The Plant Vascular System: Structure, Function, and Responses to Environmental Stress
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CitationHuggett, Brett Andrew. 2013. The Plant Vascular System: Structure, Function, and Responses to Environmental Stress. Doctoral dissertation, Harvard University.
AbstractEnvironmental stressors such as nutrient deficiency and insect infestation can significantly impact tree health. Despite much research on the ecological effect on forests in the northeastern United States due to calcium depletion and hemlock woolly adelgid infestation, little is known regarding the physiological mechanisms altered by these stress factors. I tested the hypothesis that calcium depletion, associated with sugar maple decline, compromises water transport processes as a result of calcium-related reductions in cell growth and stabilization. A survey of forest-grown sugar maples from a long-term replicated calcium-manipulation study showed no significant impact of calcium deficiency on wood density, stem hydraulic conductivity (Ks), or vulnerability to cavitation (VC). In vitro removal of xylem-bound calcium showed no impact on VC or air seeding thresholds (Pt). Results suggest that sugar maple decline is not caused by compromises in xylem function due to calcium deficiency. I also tested the hypothesis that hemlock woolly adelgid (Adelges tsugae Annand) (HWA) infestations impact water transport processes and nutrient partitioning in eastern hemlock trees. HWA infestation resulted in higher Ks due to an increase in average tracheid lumen area associated with the proliferation of false rings. HWA-infested trees exhibited higher rates of net photosynthesis and significant changes in foliar nutrient partitioning. These results are the first to demonstrate increases in Ks and alterations in foliar cation levels in response to HWA infestation. In two additional studies, I investigated methods for evaluating the structure and function of xylem networks. Using sequential sectioning of aerial roots of epiphytic aroids, I directly quantified the topographic relation of vessels in a single organ with measurements of vessel length, diameter, vessel end overlap length, and vessel stelar orientation. In a separate study, I explored the relationship between vessel length and measurements of Pt. In establishing guidelines for estimating whole-stem cavitation with the use of single vessel air injection, I demonstrate that calculations of Pt are influenced by stem length measured and removal of native emboli prior to testing. Improvements in tools to quantify xylem structure and function will enhance our ability to understand the responses of forest trees to environmental stress.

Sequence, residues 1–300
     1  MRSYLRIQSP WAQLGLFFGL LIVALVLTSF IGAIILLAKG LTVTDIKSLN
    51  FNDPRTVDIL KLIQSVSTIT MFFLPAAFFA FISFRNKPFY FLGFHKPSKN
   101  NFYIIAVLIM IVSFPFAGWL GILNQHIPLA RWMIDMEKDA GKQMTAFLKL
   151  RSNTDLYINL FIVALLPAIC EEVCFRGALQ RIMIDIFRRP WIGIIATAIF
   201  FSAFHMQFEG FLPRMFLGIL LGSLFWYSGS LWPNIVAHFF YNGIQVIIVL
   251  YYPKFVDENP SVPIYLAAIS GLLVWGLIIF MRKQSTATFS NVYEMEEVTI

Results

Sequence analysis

Citable link to this pagehttp://nrs.harvard.edu/urn-3:HUL.InstRepos:11124830
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